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The road from Ceres to Clanwilliam, via Wupperthal through the Cedarberg Mountains is one of the most attractive routes that I have been on. It is 220 kms long with about 100 kms on tar, 80 kms on good gravel road and 40 kms on a very bad road where a high clearance vehicle is essential. It took us two hours to do those 40 kms in a Mitsubishi double cab 4×4. My photos of the trip are at:

The initial 60kms from Ceres, through Prince Alfred Hamlet, over the Gydo Pass and through Op die Berg is easy driving pleasant fruit farming scenery. This is the Koue Bokkeveld which is relatively dry and so the environment gets increasingly dry with occasional clumps a green around farms. The road passes through a series of long valleys where one can see the rod drop down to a farm or settlement and then ascend on the far side of the valley, up to 10kms away.  We stopped for a light lunch at Mount Ceder where they farm olives.

Fourteen kms later most of the traffic heads off west towards Algeria, the main hiking start point in the area. Our road deteriorated significantly with potholes, rocks, bumps and puddles. The going was slow. The scenery was amazing. I loved it! We came across no traffic until we had passed the small, isolated community of Eselbank. We crested the Eselbank Pass and then started the last four kms descent at walking pace down the steep hill into Wupperthal.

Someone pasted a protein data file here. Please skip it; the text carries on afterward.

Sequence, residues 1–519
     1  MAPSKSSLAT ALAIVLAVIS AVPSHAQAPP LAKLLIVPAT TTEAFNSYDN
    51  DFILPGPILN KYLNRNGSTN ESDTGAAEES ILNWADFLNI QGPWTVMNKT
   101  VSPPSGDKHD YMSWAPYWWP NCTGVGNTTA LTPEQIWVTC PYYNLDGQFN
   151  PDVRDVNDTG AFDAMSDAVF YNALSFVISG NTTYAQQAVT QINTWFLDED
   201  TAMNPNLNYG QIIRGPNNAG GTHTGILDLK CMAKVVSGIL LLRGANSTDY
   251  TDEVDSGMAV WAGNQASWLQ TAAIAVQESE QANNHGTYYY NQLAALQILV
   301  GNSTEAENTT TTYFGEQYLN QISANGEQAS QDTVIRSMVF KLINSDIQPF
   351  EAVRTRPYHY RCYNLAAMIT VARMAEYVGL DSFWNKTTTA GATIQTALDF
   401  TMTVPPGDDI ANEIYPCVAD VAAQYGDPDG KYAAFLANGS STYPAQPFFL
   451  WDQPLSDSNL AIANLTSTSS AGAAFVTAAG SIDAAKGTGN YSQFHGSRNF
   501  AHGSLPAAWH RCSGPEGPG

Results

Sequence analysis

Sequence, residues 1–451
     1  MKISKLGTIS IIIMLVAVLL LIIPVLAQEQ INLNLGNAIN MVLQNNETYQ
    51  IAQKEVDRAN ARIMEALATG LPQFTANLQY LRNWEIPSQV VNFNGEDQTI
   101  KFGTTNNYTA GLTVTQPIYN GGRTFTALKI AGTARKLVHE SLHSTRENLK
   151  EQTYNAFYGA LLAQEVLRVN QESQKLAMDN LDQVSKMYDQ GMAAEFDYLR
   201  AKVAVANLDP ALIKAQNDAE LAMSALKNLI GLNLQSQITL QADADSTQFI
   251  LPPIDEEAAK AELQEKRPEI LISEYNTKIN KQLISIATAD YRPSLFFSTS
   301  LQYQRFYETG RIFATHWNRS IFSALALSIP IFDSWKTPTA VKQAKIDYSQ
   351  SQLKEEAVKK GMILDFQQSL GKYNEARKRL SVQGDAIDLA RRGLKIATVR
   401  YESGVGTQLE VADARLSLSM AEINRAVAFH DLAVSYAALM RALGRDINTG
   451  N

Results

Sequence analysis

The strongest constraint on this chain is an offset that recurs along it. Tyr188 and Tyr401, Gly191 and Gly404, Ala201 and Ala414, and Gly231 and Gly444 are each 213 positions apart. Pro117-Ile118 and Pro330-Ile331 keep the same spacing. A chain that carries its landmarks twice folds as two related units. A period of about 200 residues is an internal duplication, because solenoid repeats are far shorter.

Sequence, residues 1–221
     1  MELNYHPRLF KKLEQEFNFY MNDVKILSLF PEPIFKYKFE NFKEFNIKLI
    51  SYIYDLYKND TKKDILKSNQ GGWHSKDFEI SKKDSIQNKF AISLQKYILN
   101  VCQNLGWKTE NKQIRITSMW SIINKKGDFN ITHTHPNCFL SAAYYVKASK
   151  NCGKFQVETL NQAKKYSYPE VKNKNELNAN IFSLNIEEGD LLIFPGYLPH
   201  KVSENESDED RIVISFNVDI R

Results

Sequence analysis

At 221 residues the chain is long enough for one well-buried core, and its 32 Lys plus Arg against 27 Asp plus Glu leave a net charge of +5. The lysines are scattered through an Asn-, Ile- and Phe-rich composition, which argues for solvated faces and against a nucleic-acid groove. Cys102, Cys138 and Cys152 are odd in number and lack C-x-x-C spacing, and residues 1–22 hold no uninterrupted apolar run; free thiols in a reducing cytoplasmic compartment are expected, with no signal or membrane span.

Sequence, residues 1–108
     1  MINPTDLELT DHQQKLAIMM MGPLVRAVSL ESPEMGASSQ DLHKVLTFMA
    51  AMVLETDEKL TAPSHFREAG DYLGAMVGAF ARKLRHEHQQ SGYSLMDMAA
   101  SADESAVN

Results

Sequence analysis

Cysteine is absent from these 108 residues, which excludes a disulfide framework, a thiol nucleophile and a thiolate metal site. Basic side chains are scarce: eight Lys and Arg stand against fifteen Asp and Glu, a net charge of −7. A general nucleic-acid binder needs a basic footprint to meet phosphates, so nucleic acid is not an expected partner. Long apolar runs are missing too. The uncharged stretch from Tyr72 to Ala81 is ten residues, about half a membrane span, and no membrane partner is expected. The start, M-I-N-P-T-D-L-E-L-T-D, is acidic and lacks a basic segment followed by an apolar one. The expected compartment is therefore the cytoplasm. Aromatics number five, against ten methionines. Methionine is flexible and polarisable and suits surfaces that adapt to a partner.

I have lifted a description from the internet which goes as follows: ‘This picturesque place has been a Moravian mission station since 1865, although its origins are actually Rhenish. The name “Wuppertal” derives from the Wupper River in Germany, from where two Rhineland missionaries, Theobald von Wurmb and Johan Gottlieb Leipoldt (grandfather of renowned writer C. Louis Leipoldt) arrived in the Cape in 1829 to spread the Word among the indigenous people. The two missionaries settled among the seven Khoikhoi families in the valley and concentrated on their spiritual upliftment as well as to encourage farming. The population swelled shortly after slavery was abolished in 1838 and many freed slaves arrived from nearby farms.
The village today consists of an old thatched Church, a store, and terraces of neat thatched-roofed little cottages and a meandering street with water flowing in furrows.
A great deal of productive activity takes place which surprises any traveler descending the steep pass into the valley. Excellent velskoen (known throughout the country) are made and tobacco is dried and worked into rolls (roltabak). The other main products of the area are dried fruit, dried beans and rooibos tea.’

I went in search of diesel to be told that the tanks were dry and the next supply wasn’t expected for several days. Fortunately I just had enough in my tank to get me the 75kms to Clanwilliam.

There was a good gravel road after Wupperthal which climbed out of the valley in the Tra Tra Mountains, giving spectacular views from the Kouberg Pass, to then crest the mountain with further wonderful views of the next valley. We climbed through the Hoek se Berg pass and eventually joined the newly tarred R364 from Calvinia which we then followed towards Clanwilliam. We climbed once again, this time through Pakhuis Pass and passed through wonderful rock formations, similar to those we had seen near Kagga Kamma. And so we arrived in Clanwilliam after an amazing drive.

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